Reciting Shema and Shemoneh Esrei: Proper Times
Many commentators wonder why Yaakov was reciting Shema while Yosef was not.
If it was time for Shema to be recited, why, then, did Yosef not recite
Shema as well? Rav Yosef Dov Soloveitchik of Yerushalayim suggested the
following answer: Yaakov met Yosef just before sunrise. L'chatchilah, one
should recite Shema at that time, as Yaakov did. B'diavad, however, one may
recite Shema for the first three hours of the day. Since Yosef was engaged
in the mitzvah of honoring his father at the time, he reasoned that he could
recite Shema a bit later. Yaakov, who had no reason to delay the
l'chatchilah time of Shema, recited Shema at the preferred time. Let us
Correct Times for Reciting Shema
In order of halachic preference, there are several time slots in which Shema
may be recited:
1. Several minutes before sunrise. This is known as vasikin and it is the
preferred time to recite Shema and its blessing according to the
majority of the poskim.
2. From thirty-five minutes before sunrise (misheyakir ) until sunrise.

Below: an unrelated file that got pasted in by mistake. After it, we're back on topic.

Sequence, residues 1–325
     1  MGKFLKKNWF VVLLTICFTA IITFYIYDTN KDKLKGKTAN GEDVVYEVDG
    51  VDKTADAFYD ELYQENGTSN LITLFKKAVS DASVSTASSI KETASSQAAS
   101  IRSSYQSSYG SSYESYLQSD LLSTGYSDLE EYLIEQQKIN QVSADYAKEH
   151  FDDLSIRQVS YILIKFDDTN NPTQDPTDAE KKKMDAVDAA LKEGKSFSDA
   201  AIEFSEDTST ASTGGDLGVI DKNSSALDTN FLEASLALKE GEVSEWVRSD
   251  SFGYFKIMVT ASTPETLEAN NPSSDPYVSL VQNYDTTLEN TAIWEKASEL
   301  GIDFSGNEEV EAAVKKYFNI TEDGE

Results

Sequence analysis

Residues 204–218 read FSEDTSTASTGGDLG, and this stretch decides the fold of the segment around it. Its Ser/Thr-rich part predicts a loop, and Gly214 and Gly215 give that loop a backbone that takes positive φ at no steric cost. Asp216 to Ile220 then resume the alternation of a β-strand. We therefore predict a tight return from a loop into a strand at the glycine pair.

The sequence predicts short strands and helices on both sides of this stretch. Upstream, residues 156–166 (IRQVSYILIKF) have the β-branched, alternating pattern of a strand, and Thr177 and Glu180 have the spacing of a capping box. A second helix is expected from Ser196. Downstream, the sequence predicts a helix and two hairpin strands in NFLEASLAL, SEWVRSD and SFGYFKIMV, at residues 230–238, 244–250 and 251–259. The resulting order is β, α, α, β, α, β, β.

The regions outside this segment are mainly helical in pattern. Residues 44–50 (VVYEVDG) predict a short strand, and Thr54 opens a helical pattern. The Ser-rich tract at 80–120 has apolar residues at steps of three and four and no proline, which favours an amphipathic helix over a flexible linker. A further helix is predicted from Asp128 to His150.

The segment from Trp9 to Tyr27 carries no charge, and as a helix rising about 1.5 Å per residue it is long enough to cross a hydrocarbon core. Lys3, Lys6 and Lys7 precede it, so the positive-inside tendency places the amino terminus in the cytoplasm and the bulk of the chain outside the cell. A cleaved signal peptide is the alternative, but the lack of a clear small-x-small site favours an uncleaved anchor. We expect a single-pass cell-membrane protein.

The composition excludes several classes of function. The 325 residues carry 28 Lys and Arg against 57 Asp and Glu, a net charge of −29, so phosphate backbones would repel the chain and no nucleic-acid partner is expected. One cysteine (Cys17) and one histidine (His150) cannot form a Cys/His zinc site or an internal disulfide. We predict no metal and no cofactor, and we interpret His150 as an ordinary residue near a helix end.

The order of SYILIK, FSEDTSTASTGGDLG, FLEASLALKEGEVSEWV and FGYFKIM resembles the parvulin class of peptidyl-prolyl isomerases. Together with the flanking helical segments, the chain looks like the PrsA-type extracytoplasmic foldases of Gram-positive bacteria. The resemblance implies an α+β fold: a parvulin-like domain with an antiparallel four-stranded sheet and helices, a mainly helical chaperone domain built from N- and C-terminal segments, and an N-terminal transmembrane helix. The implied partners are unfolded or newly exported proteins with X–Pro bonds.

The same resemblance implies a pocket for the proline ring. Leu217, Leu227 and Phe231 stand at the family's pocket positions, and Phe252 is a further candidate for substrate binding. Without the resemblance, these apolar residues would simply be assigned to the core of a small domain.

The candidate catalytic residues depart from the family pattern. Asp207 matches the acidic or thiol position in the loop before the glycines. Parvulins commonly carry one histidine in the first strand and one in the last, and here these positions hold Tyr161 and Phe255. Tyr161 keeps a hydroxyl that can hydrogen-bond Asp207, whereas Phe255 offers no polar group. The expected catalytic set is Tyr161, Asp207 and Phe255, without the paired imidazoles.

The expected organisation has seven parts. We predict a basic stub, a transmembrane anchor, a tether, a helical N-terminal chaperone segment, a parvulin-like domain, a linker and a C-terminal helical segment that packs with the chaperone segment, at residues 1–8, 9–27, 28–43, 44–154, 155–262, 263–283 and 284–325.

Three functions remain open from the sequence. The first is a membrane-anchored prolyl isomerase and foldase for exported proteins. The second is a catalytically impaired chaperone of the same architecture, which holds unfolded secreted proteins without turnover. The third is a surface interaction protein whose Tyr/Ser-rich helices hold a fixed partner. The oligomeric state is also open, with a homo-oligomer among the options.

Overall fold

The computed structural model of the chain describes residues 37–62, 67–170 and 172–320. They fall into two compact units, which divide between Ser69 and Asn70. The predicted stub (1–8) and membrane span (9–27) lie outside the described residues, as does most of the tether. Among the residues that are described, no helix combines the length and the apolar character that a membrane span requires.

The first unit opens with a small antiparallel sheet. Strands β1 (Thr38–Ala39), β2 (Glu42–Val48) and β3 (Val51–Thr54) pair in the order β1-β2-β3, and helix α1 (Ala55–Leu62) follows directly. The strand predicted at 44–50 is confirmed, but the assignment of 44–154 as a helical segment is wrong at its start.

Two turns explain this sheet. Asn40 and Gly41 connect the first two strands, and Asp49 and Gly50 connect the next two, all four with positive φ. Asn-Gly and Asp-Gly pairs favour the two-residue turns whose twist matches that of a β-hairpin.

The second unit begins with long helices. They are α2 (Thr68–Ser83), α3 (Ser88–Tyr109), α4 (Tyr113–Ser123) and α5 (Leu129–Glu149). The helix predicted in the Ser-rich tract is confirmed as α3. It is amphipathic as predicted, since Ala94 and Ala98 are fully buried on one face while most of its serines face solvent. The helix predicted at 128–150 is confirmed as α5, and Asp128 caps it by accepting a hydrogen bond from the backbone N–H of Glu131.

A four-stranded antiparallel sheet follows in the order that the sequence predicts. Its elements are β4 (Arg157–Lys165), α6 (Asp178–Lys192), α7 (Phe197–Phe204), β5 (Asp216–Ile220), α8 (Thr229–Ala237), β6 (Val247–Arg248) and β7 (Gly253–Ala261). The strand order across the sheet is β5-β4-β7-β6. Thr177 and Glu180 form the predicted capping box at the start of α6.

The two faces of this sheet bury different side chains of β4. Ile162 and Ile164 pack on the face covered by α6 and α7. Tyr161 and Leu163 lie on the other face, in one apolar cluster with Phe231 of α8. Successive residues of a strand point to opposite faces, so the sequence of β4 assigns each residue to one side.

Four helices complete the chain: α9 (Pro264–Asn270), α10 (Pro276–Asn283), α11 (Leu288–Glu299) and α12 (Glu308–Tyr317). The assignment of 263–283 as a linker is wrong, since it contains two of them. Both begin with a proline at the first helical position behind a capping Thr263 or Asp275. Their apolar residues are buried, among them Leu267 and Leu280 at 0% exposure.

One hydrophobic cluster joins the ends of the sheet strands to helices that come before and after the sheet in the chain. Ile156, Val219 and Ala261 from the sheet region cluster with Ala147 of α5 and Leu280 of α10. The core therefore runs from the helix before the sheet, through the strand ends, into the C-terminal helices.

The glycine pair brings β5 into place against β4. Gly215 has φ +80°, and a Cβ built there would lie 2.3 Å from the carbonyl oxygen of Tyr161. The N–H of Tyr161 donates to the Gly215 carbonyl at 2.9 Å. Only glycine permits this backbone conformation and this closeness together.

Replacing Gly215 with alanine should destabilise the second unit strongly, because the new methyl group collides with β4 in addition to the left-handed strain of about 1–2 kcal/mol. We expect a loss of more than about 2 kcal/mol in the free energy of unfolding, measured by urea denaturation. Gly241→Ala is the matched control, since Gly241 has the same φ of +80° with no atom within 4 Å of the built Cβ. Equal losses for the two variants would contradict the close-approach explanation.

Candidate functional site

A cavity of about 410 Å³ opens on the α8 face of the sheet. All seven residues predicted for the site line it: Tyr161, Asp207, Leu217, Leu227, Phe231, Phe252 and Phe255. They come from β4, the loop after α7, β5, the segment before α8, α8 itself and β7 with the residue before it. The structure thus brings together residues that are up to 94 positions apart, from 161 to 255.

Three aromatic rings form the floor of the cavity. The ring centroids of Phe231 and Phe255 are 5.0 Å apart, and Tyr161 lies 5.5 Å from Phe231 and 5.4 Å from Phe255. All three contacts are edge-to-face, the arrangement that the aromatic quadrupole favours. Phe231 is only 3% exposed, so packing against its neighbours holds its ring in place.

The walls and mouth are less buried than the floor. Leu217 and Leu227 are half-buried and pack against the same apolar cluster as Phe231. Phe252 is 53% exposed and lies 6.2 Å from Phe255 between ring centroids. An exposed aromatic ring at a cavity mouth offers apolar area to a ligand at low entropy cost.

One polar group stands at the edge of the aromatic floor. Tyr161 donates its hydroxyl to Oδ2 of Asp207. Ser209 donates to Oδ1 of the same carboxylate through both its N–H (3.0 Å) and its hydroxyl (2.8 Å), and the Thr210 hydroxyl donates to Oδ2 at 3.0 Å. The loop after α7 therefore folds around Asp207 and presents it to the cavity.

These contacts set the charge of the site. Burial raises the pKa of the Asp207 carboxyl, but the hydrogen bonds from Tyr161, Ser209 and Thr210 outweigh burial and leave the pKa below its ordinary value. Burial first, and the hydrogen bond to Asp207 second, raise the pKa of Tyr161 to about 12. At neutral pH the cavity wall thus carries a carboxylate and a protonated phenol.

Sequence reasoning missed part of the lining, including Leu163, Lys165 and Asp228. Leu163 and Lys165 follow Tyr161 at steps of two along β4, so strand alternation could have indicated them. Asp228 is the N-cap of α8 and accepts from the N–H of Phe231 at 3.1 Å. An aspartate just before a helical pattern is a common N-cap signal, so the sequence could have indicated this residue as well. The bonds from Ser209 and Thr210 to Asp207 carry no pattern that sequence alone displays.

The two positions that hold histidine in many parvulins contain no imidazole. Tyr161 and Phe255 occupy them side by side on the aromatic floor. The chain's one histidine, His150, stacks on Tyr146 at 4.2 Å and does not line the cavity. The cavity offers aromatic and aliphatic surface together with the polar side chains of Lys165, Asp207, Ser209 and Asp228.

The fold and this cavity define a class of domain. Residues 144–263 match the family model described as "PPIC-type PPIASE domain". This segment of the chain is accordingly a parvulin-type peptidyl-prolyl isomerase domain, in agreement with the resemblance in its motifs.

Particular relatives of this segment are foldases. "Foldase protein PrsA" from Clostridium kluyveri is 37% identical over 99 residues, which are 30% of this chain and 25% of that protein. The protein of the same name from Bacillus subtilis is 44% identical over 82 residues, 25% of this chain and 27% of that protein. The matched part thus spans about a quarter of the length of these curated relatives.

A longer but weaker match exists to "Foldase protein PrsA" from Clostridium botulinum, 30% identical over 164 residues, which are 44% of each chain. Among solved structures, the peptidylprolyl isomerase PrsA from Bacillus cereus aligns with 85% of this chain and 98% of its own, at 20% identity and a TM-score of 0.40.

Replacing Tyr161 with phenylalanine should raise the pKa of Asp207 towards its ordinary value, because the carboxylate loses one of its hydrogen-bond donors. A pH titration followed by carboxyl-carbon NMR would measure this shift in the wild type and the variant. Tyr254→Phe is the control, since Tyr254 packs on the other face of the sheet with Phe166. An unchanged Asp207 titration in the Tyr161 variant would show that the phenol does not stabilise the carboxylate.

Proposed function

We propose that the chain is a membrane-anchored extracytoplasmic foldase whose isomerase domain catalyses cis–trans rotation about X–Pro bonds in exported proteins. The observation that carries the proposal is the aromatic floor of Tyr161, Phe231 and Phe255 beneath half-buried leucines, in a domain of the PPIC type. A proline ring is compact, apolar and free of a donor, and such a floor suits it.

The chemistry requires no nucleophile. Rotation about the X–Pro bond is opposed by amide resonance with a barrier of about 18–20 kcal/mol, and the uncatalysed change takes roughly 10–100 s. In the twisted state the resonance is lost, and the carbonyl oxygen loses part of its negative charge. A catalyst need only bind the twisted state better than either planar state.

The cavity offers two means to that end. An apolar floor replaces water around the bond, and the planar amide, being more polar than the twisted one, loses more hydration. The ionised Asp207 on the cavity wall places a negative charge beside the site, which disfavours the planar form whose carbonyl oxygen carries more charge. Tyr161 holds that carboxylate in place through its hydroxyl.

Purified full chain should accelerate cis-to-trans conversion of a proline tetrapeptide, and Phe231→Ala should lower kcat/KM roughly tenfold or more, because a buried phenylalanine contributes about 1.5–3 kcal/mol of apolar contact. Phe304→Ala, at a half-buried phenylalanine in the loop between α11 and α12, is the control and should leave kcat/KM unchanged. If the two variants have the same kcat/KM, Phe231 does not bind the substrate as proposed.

This time slot is l’chatchilah according to most of the poskim.
3. From after sunrise until a quarter of the day has passed. This is the
time slot in which most people recite Shema even l’chatchilah, even
though Mishnah Berurah and other poskim are critical of those who delay
until after sunrise in performing this important mitzvah.
4. From sixty minutes before sunrise until thirty-five minutes before
sunrise. This is the time of misheyakir according to a minority view of the
poskim, and may be relied upon even l’chatchilah in case of need.
5. From seventy-two minutes before sunrise (alos ha-shachar ) until sixty
minutes before sunrise. Neither Kerias Shema nor its blessings may be
recited at this time. If, however, one mistakenly did recite Shema or its
blessings during this time, he need not repeat them later on. Under
extenuating circumstances, e.g., one would be unable to recite Shema later
due to work, travel or medical reasons, it is permitted to recite Shema at
this time. The blessing of Yotzer ohr, however, is omitted, and
should be said later on by itself.
6. After a quarter of the day passed. One can no longer fulfill his Shema
obligation. How to calculate a quarter of the day is a subject of great
dispute: Magen Avraham rules that the day begins at alos ha-shachar and ends
at tzeis ha-cochavim, while the Gaon of Vilna maintains that the day begins